For example, let's say someone who is a really advanced prepper has a BOB, and even has a cabin in the woods somewhere stocked with tons of food/ammo etc. If another country attacks and there's troops going door to door killing everyone, does this advanced prepper plan on shooting his way out of the town and making it to his cabin? And then what, live there forever? Why is it 72 hours? What happens after the 72 hours?
If another country attacks our country, there will be resistance from the general populace like no other. Most everyone who honestly feels they will not be safe unless they "Bug out" will fight to the last bullet. So, shooting our way out of town? Yes, if the situation calls for it.

The 72 hour limit, in my personal opinion, represents how long it should take to get from your present location to your destination while carrying a reasonable amount of food, water, and equipment while on foot. Anything more than this would probably weigh you done more than it would be worth. If the human body could realistically carry more food without penalty, 72 hours would probably be 96 hours. or more.

I guess that if there was a hurricane like Katrina, it would be wonderful to have 72 hours worth of stuff, but what do you do then?
Your would hopefully be at a safe destination at this point. remember, any BOB (or INCH, or get home bag, ect.) is designed for use while your on the move. You cannot think that you will be able to keep all the things you would need to survive for any considerable length of time in a backpack. You need a house, trailer, vehicle, something relatively large to store things in. And forget about hunting and fishing to sustain yourself- if theres a true SHTF situation, everyone and their mother will be trying to do the same thing, and it will become slim picking very quickly.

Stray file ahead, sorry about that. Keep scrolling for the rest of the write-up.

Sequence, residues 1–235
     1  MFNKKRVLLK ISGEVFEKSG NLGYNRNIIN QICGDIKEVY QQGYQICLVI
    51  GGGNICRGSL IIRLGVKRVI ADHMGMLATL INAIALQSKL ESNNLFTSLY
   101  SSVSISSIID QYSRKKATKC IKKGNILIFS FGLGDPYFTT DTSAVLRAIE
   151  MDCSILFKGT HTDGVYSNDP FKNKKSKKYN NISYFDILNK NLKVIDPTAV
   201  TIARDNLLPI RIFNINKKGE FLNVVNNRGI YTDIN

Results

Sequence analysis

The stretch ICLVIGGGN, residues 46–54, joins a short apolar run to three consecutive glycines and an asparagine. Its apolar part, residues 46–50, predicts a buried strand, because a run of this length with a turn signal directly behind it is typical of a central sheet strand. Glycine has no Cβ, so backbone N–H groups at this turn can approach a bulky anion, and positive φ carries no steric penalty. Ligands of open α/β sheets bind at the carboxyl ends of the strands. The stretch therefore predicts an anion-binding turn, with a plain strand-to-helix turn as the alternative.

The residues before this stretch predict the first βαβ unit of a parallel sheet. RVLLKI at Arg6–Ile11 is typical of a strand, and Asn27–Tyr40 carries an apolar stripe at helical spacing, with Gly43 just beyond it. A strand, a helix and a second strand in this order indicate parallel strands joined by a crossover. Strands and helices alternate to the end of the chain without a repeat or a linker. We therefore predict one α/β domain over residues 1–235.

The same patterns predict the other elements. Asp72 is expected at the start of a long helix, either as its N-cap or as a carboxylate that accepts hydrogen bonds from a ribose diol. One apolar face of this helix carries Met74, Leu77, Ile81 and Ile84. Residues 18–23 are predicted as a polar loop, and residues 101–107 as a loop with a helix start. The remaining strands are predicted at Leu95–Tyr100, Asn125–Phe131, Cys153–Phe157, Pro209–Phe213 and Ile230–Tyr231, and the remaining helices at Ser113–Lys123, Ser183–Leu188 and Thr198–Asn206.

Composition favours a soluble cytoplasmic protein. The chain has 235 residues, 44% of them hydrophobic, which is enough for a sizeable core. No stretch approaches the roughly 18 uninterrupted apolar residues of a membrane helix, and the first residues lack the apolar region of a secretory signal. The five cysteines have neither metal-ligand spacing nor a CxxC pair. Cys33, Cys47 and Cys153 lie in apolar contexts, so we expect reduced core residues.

And what about someone like me, who goes to work a few miles away, never goes hiking/camping type things. What types of things should I be prepping for? I don't live in a big city where there might be a terrorist attack, chemical attack. I don't see a natural disaster of epic proportions happening. We did have a tornado, but even if the whole town disappeared I could just go to the next town.
Expect the worst, hope for the best. And its the fact that you may not see a major SHTF event coming that could kill you. Thats the thing about prepping- you're preparing for anything to happen, at any time.